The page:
Chushi Gangdruk

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Chushi Gangdruk
ཆུ་བཞི་སྒང་དྲུག་
Leader(s) Andruk Gonpo Tashi
Dates of operation June 16, 1958 (1958-06-16)–1974 (1974)
Dissolved 1974[1]
Flag Chushi Gangdruk-flag.svg

Chushi Gangdruk (Tibetan: ཆུ་བཞི་སྒང་དྲུག་Wylie: Chu bzhi sgang drug, literally "Four Rivers, Six Ranges", full name: Tibetan: མདོ་སྟོད་ཆུ་བཞི་སྒང་དྲུག་བོད་ཀྱི་བསྟན་སྲུང་དང་བླངས་དམག་Wylie: mdo stod chu bzhi sgang drug bod kyi bstan srung dang blangs dmag, "the Kham Four Rivers, Six Ranges Tibetan Defenders of the Faith Volunteer Army"[2]) was an organization of Tibetan guerrilla fighters who attempted to stop the invasion of the People's Republic of China (PRC) in Tibet. The Dokham Chushi Gangdruk organization, a charity set up in New York City and India with chapters in other countries, now supports survivors of the Chushi Gangdruk resistance currently living in India. Chushi Gangdruk also led His Holiness The 14th Dalai Lama out of Lhasa, where he had lived, soon after the start of the Chinese invasion. During that time, a group of Chushi Gangdruk guerillas was led by Kunga Samten, who is now deceased.[3] Because the United States was prepared to recognize People's Republic of China in the early 1970s, CIA Tibetan Program, which funded the Chushi Gangdruk army, has to be ceased. [4]

Name[edit]

Chushi Gangdruk "Four Rivers, Six Ranges" is the name traditionally given to the eastern Tibetan region of Kham where the gorges of the Salween (Tib. Ngul-chu), Mekong (Da-chu)[citation needed], Yangtze (Dri-chu) and Yalong[citation needed] (Dza-chu) rivers, all arising on the Tibetan Plateau, pass between six parallel ranges of mountains that form the watersheds for these rivers. "Chu" (choo) is the Tibetan word for "water", and "shi" (she) is the Tibetan word for 4. "Gang" is range, and "druk" (drewk) means 6.

History[edit]

The formation of the Chushi Gangdruk Volunteer Force was announced on June 16, 1958.It was called National Volunteer Defence Army(NVDA). "Chushi Gangdruk" is a Tibetan phrase meaning "land of four rivers and six ranges," and refers to Amdo and Kham. The group included Tibetans from those regions of eastern Tibet, and its main objective was to drive PRC occupational forces out of Tibet. While central and western Tibet (Ü-Tsang) were bound by a 17-point agreement with the People's Republic of China, the PRC initiated land reform in eastern Tibet (including Amdo and Kham) and engaged in harsh reprisals against the Tibetan land-owners there.

Andrug Gompo Tashi[5] before 1959

Under the direction of General Andrug Gonpo Tashi, Chushi Gangdruk included 37 allied forces and 18 military commanders. They drafted a 27-point military law governing the conduct of the volunteers. Their headquarters were located at Tsona, then later moved to Lhagyari.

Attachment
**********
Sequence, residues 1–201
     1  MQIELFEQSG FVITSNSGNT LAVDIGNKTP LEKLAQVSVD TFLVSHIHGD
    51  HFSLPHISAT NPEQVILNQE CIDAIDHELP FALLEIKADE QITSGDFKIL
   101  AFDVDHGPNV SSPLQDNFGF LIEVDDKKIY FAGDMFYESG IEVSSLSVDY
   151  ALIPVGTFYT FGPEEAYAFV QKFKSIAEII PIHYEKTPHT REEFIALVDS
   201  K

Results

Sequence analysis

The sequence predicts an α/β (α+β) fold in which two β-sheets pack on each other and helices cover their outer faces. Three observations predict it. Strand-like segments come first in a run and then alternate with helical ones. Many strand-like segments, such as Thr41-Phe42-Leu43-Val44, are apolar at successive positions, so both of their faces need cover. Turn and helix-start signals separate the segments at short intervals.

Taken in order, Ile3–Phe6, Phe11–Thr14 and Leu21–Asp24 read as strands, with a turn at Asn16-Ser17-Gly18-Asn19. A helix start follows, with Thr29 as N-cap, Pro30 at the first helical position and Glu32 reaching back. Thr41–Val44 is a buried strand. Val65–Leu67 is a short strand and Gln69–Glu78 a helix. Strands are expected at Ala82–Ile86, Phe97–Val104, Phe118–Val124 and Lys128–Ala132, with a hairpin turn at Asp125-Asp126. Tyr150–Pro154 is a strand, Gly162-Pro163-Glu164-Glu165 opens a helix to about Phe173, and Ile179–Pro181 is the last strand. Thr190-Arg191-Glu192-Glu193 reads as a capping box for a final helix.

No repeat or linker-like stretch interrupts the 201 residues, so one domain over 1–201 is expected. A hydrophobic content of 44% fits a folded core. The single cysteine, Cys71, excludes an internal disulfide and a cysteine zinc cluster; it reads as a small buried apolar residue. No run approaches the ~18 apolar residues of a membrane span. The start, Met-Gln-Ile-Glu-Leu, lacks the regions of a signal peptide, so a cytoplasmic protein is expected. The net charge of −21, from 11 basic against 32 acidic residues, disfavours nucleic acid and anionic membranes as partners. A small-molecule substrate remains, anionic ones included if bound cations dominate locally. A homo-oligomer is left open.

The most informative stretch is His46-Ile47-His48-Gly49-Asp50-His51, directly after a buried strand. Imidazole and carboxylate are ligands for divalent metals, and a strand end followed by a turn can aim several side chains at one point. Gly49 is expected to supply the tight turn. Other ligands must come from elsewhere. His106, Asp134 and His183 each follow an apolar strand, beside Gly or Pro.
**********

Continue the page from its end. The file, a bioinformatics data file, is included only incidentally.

Initially militia members purchased their own weapons, mainly World War II-era British .303 in, German 7.92 mm, and Russian 7.62 mm caliber rifles. Chushi Gangdruk contacted the US government for support. However, the State Department required an official request from the Tibetan government in Lhasa, which was not forthcoming. State Department requests were made and ignored in both 1957 and 1958.

Eventually, the US Central Intelligence Agency provided the group with material assistance and aid, including arms and ammunition, as well as training to members of Chushi Gangdruk and other Tibetan guerrilla groups at Camp Hale. Chushi Gangdruk also received aid from the government of the Republic of China in Taiwan, led by Chiang Kai-shek.

From 1960, Chushi Gangdruk conducted its guerrilla operations from the northern Nepalese region of Mustang.[6] In 1974, guerrilla operations ceased after the CIA, given the realignment of Sino-American relations initiated by President Richard Nixon, terminated its program of assistance to the Tibetan resistance movement and the Dalai Lama, the exiled Tibetan spiritual and temporal leader, taped a message telling the Tibetans to lay down their weapons and surrender peacefully.

See also[edit]

References[edit]

Citations[edit]

  1. ^ "Resistance and Revolution". Tibet Oral History Project. Retrieved 2017-06-25. He went to India after the Nepalese Government disbanded the unit in 1974. 
  2. ^ Goldstein, Melvyn: A History of Modern Tibet. Vol. 2. The Calm before the Storm, 1951-1955, University of California Press, London, 2007, p. 598
  3. ^ "Membership & Support". Chushigangdruk.org. Retrieved 2012-06-10. 
  4. ^ Stephen Talty (Dec 31, 2010). "The Dalai Lama's Great Escape". The Daily Beast. 
  5. ^ Thondup, Gyalo; Thurston, Anne F. (2015). The Noodle Maker of Kalimpong: The Untold Story of My Struggle for Tibet. Gurgaon, India: Random House India. p. 169. ISBN 978-818400-387-1. Most of the resisters in India were followers of Andrug Gompo Tashi, a wealthy, patriotic Kham trader from Litang where the resistance had begun with the introduction of China's so-called reforms. Popular outrage had been further fueled with the death and destruction unleashed when the Chinese attacked and bombed the local Litang monastery. 
  6. ^ Cowan, Sam (17 January 2016). "The curious case of the Mustang incident". The Record. Retrieved 2017-02-10. 

Sources[edit]

  • Tsering Shakya, The Dragon in the Land of Snows - A History of Modern Tibet Since 1947, Columbia University Press, 1999, ISBN 0-231-11814-7.